- Find apps that are quick to market and essential to the operation of the business in terms of income and client satisfaction.
- Early adopters should choose stand-alone applications that are easy to transition to avoid disruption and concentrate on learning from the cloud implementation processes.
- Knowing if public, private, or hybrid clouds, as well as SaaS, IaaS, and PaaS cloud platforms, or a combination of these, are appropriate is crucial.
- Engage the development and IT architect’s teams to create appropriate use cases for this deployment.
- Invest in cloud providers and work with business capture teams to find the most appropriate payment options.
The stages of adoption and planning are intertwined and contain multiple phases that should be repeated. For instance, understanding the standards for cloud architect computing and adoption is equally crucial while analyzing the collateral during planning (NIST Guidelines, OpenStack adaptability, and portability standards, as well as methodologies for migrating applications).
- Utilize the multi cloud deployment architectures you created during the planning phase to create strategies, use cases, and scripts for application migration.
- Establish the servers, data stores, and software needed to implement migration road maps.
Increasing organizational efficiency will enable you to deliver more value to the business and the customer. You can do this by optimizing business processes and software licenses.
- Following each multi cloud deployment, have “lessons learned sessions” to improve your procedures.
- Before a multi cloud deployment, create road maps for the necessary skills and gather a skilled workforce.
Useful link: Cloud Adoption Leading to Close Watch on Cloud Security
Your Cloud Adoption Strategy: Choosing the Best Computing and Deployment Models
After addressing why you must embrace the cloud migration framework, it’s time to think about the adoption architecture that would be most helpful in achieving that objective.
1) Hybrid Cloud Adoption
According to IDC research, hybrid cloud adoption strategy is inevitable because most businesses extensively utilize public cloud platforms and on-premises data centers.
Many business customers typically have on-premises data center infrastructures from years of technology investment. The People, Products, and Processes that make up these firms most often determine their internal culture. They have been collaboratively developed over time to complement the on-premises solutions approach.
It isn’t easy to transfer the full on-premises technological stack to a cloud architect platform. It entails changing the internal IT processes to accommodate the cloud-based environment’s operations, governance, and compliance. Additionally, it takes a long time to upskill employees in the organization to accommodate the new environment. In other cases, attempting to do so can even be unreasonable.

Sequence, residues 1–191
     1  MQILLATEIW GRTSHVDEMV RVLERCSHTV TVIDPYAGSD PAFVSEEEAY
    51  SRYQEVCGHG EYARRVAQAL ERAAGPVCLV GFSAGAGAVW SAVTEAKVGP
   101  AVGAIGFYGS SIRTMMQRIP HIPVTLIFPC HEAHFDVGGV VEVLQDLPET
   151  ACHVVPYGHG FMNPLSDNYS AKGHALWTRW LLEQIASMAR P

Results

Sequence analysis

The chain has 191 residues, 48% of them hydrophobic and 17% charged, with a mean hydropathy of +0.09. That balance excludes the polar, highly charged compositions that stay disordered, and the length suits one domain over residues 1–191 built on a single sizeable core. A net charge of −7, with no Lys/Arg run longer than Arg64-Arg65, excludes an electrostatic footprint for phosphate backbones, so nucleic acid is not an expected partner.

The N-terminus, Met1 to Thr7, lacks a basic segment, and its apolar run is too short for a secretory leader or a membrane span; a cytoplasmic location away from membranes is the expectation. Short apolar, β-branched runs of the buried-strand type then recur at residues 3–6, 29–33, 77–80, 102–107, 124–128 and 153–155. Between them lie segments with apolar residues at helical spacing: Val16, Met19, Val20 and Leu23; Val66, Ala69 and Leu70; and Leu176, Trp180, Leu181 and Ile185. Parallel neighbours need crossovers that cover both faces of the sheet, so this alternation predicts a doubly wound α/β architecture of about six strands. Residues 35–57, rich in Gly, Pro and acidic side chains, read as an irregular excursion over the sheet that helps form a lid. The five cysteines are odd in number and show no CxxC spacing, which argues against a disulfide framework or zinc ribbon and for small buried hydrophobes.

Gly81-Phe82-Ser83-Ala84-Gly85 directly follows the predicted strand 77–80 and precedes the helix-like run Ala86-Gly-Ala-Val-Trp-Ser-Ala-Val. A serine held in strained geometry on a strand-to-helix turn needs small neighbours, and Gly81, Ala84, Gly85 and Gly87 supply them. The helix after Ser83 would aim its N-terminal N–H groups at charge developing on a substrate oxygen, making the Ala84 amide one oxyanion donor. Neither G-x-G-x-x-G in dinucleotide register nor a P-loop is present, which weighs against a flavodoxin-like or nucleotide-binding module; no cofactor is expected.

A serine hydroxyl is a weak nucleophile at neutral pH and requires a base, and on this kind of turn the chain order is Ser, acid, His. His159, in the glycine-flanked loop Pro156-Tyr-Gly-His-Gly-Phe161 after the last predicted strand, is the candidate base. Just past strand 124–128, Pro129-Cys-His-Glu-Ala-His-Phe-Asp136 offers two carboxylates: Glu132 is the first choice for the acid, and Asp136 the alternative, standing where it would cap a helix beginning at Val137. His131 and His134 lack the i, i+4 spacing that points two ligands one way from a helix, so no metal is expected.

The hybrid cloud adoption strategy may consider better suited for these enterprises. This is because the hybrid cloud offers the most commercial benefits with the least transformative risk for these customers.
The first stage in adopting a hybrid cloud often entails determining which particular use cases are appropriate for moving to a public cloud and creating a successful adoption strategy for each use case. Fortunately, customers can start with one of the numerous tried-and-true use cases. Let’s look at a few examples:
A) Data with Infrequent Access:
For many businesses, using affordable, scalable cloud storage to store rarely used data (such as backups, archives, and file shares) has proven to be an excellent place to start.
The ever-increasing storage requirements and continuous operating costs to host and support that data have been one of the most significant difficulties encountered by enterprise firms with such data.
Cloud object storage options like Amazon S3 Storage, Azure Blob, and Google Cloud Storage offer easy, endlessly scalable, fully managed storage solutions with several tiers of object storage that may store this rarely used data at a significantly lower cost. The 3-2-1 backup technique is also met by object storage regarding backup data.
B) Disaster Recovery:
Like backups, disaster recovery is necessary for many firms due to numerous regulatory requirements. Since most firms now rely more heavily on their digital IT infrastructure. A reliable disaster recovery system can support every element of the organization.
C) Testing and Development:
Like the use above cases, the cloud computing strategy offers a quick fix for momentary needs like application development and testing.
Many businesses that create applications in-house need specialized infrastructure platforms. These frequently vanish throughout the testing and development of a program. Maintaining separate, dedicated on-premises infrastructure from the production environment incurs high redundant infrastructure costs.
2) Multi-Cloud Adoption
Like the hybrid cloud, multi-cloud usage has grown in popularity recently, especially among businesses.
Adopting many cloud platforms enables you to use particular, best-of-breed technology from each. In contrast, we are decreasing the risks associated with dependence on a single cloud platform.
Even though the multi-cloud concept can present some operational issues, these advantages have pushed toward widespread adoption.
Adoption of several clouds might present several difficulties, including:
- Each cloud architect platform uses its proprietary technologies to handle and store consumer data. This limits the transferability of the same data between platforms and may even impose a transfer fee.
- Users are compelled to handle their daily operations through various cloud portals. That might make the IT teams’ operations more difficult.